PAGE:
Some 19 billion pounds of coffee are produced every year, and it’s the second most traded commodity on the planet. Demand for it continues to grow with the global market size valued at $384 billion in 2021 and projected to grow to $497 billion by 2028, according to market research firm IMIR. However, it’s become increasingly apparent that this rising demand is driving deforestation, as more land is cleared to grow hectares and hectares of coffee beans. In addition to that, the coffee plant is water intensive, and only grows in tropical and subtropical regions within narrow temperature ranges. An alarming wake-up call came in 2021, when the world’s top producer—Brazil—was hit by historic droughts followed by a frost, and the price of coffee skyrocketed to a seven-year high. An analysis by the Swedish Environmental Institute found that climate change could reduce global production of arabica, the most prized coffee type, by 45.2 percent, and of robusta, which is sturdier but inferior, by 23.5 percent in the long term.

“It’s just such a long and fragile supply chain, with 12 hands touching your cup of coffee before it reaches you.”

“When we look at the data around how climate change is hindering our capacity to grow coffee, it’s just becoming scarier and scarier. It’s an unsustainable model,” Saenz says. “Costa Rica is decreasing its exports of coffee year over year. It’s just such a long and fragile supply chain, with 12 hands touching your cup of coffee before it reaches you, and that makes it really exposed to things like volatile oil prices.”

Sylvain Charlebois, a professor of food policy at Dalhousie University in Canada, agrees. “Given how unsustainable supply chain economics related to coffee are, when you look at the inequities across the board, as well as climate change, you do question whether or not the model will continue to work,” he says. “I actually do believe that at some point most players will realize that the current model is not sustainable. Technologies like Atomo and Minus are, in my view, part of the future.”

However, Charlebois adds, they won’t spell the end of traditional coffee, or traditional coffee growing. “What these technologies will be doing is to recognize that the coffee market is anything but homogeneous. Many people will keep on looking for traditionally grown coffee. For the trained palates, you can’t replace coffee at all.”

Caffeine, coffee’s irreplaceable stimulant, is added as an ingredient in both Minus and Atomo, in amounts comparable to traditional cold brews or energy drinks: 100mg per can in Minus versus 84mg in Atomo. (A typical cup of traditionally brewed coffee has around 95mg.) Both prominently display the caffeine content and Minus even makes it a part of its marketing strategy. “Caffeinate your climate change activism,” says a message on the cans. They also both display the words “beanless coffee,” right under the branding. Although it’s doubtful that this will be challenged in the future—much like “oat milk” and other milk alternatives—it might inspire questions of authenticity in some consumers, because unlike “milk,” the word coffee has never been used to refer to anything but actual coffee—unless it’s used as a modifier, like coffee-colored.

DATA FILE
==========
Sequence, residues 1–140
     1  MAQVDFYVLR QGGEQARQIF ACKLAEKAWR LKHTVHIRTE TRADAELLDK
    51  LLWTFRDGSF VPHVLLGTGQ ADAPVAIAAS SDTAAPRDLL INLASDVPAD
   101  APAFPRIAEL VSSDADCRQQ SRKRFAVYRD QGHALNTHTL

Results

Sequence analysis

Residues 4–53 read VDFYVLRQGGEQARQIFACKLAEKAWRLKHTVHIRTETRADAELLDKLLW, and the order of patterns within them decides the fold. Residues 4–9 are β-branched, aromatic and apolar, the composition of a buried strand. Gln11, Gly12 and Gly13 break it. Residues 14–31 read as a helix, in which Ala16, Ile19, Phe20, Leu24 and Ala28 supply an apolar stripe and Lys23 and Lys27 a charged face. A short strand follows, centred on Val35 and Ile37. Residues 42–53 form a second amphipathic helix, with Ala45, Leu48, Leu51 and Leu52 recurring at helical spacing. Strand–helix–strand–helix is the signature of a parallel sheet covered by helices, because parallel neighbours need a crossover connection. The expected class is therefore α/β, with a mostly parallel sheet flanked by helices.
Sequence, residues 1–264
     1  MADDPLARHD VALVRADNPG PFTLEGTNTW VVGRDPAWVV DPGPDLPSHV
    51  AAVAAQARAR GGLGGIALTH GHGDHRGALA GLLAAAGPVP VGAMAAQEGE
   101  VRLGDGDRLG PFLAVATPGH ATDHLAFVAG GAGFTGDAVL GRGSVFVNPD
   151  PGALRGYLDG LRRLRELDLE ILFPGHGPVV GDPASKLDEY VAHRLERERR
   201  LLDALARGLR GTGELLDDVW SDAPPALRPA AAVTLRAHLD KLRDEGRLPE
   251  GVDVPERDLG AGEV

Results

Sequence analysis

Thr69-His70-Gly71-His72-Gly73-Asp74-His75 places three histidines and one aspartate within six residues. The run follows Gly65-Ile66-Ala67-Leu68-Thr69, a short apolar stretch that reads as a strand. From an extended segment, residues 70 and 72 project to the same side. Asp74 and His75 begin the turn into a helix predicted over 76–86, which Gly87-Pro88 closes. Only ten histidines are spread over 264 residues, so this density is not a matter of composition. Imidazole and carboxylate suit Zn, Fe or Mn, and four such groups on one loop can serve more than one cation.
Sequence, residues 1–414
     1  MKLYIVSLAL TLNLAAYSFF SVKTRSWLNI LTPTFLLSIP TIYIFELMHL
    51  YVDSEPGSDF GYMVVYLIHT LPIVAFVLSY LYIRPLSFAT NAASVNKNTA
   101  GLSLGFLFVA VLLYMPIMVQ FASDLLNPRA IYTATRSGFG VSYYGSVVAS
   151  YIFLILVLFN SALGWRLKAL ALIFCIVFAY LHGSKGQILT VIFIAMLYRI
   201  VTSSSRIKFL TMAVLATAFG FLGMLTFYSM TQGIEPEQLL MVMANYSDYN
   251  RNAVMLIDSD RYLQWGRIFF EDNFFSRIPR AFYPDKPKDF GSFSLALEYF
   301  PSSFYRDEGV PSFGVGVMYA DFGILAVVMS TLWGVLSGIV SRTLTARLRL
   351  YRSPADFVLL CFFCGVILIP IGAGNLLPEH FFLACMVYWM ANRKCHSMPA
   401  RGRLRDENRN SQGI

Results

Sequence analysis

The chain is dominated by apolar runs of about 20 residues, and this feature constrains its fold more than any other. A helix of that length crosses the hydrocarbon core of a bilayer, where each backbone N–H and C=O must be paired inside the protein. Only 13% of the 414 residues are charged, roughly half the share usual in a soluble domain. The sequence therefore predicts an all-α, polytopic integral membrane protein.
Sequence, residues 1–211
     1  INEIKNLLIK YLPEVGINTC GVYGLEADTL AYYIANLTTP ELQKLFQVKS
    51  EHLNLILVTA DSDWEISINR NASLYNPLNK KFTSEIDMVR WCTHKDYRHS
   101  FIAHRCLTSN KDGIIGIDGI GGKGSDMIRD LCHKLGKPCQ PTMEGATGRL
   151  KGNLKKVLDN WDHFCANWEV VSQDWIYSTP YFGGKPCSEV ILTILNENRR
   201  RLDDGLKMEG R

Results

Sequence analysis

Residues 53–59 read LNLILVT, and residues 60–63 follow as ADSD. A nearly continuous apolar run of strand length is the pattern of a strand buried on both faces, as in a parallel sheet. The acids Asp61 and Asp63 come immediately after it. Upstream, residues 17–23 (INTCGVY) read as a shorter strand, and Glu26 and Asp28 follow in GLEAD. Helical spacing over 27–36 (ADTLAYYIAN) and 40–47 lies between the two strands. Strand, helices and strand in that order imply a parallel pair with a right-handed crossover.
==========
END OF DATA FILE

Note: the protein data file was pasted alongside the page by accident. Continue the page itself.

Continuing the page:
Saenz is aware of the challenges involved in changing people’s coffee habits, especially in the United States, where coffee is more popular than tap water. “I love coffee, and part of what we want is to not have to sacrifice on the quality or experience of their daily coffee ritual,” she says. It’s hard to predict exactly which elements could be key in achieving that, but two of them will most likely be price and taste, according to Charlebois. “To get people to try, it has to be competitively priced. There’s no other way,” he says. “And the other thing, of course, is taste: You can have the most efficient product out there, and you can click all the boxes you want, but if it doesn’t taste good, it’s just not going to go anywhere.”

Saenz says that once Minus is available again—there’s no set schedule while Compound Foods looks at ways to scale up production—the price will be reduced from $6 to $5 a can, still firmly on the premium side of the market. 

Next up for Compound Foods is researching more coffee products to develop, including ground coffee equivalents to brew at home. But perhaps more intriguingly, Saenz wants to expand her fermentation process beyond coffee itself: “We’ve built a technology that allows us to understand what makes coffee what it is, and reproduce those flavors in the most efficient way,” she says. “We’re going to be able to leverage that technology for other crops as well, within five years.”

When pressed on what those crops may be, she won’t budge: “We have some targets, but I don’t think we’re ready to share those until we’ve done some more work on them.”